Raveneas - 'I don't get no respect'
Raveneas are the 'Rodney Dangerfields' of the palm world. If they could talk, you would hear, "I don't get no respect." Compared to all their brethren from the island of Madagascar, this genus seems only now to be gaining attention, or respect. This is surprising given the ease of growth and beauty of some of the newer introductions. It is unfortunate that Ravenea rivularis was the first species to make it into cultivation. While it is indeed a beautiful palm when grown correctly, not many have been so fortunate. It takes a committed gardener to provide the constant water and nutrients it commands. And because there were so many pathetic looking individuals around when subsequent Raveneas were introduced, many palm growers passed in favor of other selections.
However, those who took the risks are now reaping the rewards provided by some of the many newer species that are finding their way into gardens the world over. Perhaps the first Ravenea widely introduced after R. rivularis was Ravenea madagascariensis var. 'monticola' These palms, now approaching 20 years old, have matured into magnificent specimens. This author is unaware of any reports that these now-trunking palms have begun flowering. (Click on the discussion tab above and let us know if you have seen or know of any.)
A real gem of a species was widely introduced about 10 years ago: Ravenea glauca has rapidly become what may be the most popular Ravenea among collectors to date. Its moderate size, adaptability, and sheer beauty make it a perfect candidate for many locations. Along with its surprising cold hardiness and speedy growth, it has turned into one of the most desirable palms for a temperate garden. There are reports of flowering palms in California with less than one foot of trunk. So perhaps this attractive palm will be seen in more mainstream gardens in the future.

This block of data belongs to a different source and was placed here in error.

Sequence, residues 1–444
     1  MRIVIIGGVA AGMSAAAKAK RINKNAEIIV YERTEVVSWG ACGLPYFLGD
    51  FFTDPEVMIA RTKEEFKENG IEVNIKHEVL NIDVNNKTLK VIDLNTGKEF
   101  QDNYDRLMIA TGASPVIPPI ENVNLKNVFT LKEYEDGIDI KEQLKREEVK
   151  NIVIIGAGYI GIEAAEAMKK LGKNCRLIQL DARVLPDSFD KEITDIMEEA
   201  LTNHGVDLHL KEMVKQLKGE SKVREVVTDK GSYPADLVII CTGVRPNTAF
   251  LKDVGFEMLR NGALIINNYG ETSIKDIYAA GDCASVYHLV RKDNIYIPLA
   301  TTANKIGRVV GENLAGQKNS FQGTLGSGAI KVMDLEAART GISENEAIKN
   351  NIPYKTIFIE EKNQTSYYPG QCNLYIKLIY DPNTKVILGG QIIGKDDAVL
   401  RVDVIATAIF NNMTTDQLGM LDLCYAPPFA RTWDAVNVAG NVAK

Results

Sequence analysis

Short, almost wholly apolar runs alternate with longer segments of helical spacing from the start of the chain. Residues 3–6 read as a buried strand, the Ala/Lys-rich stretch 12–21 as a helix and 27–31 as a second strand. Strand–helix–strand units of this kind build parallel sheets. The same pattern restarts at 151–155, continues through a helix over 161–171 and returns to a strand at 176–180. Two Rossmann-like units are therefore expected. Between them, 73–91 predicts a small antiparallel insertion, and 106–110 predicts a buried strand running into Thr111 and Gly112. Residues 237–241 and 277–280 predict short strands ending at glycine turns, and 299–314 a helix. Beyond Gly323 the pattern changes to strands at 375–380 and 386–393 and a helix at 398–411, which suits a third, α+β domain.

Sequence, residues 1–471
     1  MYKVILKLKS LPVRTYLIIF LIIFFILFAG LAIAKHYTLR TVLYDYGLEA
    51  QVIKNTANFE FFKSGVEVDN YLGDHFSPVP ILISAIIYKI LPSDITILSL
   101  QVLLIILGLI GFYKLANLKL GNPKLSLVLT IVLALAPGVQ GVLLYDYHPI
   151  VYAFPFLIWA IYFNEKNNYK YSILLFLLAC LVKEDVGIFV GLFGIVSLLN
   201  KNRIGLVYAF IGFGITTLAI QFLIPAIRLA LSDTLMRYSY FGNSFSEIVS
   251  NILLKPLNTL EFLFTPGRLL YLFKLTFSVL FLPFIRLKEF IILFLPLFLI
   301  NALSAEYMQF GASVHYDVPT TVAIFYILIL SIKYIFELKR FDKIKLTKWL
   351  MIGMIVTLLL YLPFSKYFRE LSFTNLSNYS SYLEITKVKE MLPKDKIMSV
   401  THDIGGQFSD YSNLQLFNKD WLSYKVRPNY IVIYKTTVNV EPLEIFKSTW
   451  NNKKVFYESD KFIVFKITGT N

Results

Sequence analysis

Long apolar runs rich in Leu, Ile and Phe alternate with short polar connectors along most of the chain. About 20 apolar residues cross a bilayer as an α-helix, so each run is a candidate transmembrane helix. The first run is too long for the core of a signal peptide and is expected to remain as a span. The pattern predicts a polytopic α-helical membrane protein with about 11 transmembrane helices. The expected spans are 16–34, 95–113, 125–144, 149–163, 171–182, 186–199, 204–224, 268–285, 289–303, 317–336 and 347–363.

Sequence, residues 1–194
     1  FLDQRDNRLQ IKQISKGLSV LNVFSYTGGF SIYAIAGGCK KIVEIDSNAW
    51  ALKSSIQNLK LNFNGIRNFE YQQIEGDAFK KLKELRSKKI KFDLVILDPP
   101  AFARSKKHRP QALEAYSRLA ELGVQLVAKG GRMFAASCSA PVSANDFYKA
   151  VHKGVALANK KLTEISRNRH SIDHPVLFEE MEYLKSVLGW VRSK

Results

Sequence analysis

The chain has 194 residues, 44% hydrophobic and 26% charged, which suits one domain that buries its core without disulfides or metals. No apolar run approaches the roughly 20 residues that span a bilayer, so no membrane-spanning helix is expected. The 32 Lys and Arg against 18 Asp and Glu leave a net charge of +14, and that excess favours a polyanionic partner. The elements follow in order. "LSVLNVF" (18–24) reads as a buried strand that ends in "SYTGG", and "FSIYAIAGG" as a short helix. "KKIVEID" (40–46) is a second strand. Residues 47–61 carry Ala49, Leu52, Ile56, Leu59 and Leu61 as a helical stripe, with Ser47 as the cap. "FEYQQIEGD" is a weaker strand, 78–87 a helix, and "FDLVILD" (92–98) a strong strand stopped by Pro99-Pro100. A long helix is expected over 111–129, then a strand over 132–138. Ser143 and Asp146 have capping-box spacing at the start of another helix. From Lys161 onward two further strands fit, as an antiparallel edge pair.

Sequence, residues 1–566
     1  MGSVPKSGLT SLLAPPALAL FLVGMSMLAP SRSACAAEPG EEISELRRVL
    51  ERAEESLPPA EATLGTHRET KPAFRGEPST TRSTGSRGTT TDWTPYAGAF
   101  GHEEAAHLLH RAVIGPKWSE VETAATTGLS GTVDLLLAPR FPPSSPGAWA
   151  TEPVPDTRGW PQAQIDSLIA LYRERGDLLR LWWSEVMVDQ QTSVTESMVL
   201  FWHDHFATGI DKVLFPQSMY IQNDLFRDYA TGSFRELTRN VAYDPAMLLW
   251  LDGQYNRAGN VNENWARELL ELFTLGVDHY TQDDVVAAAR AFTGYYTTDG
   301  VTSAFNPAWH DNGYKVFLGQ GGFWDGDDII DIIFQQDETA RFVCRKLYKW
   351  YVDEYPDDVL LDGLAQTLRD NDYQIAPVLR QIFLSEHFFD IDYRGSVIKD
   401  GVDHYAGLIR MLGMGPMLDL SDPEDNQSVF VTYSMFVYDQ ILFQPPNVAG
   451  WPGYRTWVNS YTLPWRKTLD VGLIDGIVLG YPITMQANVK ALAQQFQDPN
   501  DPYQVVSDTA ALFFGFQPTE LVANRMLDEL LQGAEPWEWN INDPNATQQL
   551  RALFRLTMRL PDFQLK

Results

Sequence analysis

Another of the successful first introductions was Ravenea hildebrandtii. It is another smaller Ravenea, even more compact than R. glauca. Its wider leaflets and tendency to maintain a crown with many leaves adds a tropical look wherever it is planted.
Perhaps the most gorgeous and sought after species is the hard to find, and hard to grow Ravenea albicans. This slow growing palm appears to require at least a warm subtropical climate where it grows very slowly. It is the only Ravenea that exhibits the same silver underneath the leaflets that its ancient relative, the Ceroxylon, exhibits.
Just recently there have been a rash of new Raveneas available with exotic names such as, Asokafana, Manompana, and Maringo. The described species such as Ravenea robustior, Ravenea lakatra, and Ravenea sambirinensis, are also becoming available. Many of these new introductions have the potential to become as desirable as any of the other magnificent palms of Madagascar, and certainly should not be overlooked. It is important to remember that Raveneas are dioecious, so unless you have a grouping of several individuals, you may not obtain fertile seed. This is unfortunate, because it will make it that much harder to perpetuate some of the more desirable species. It should be assumed that because most collectors will have several species in a confined area, it is possible that cultivated seed may be the result of hybridization.
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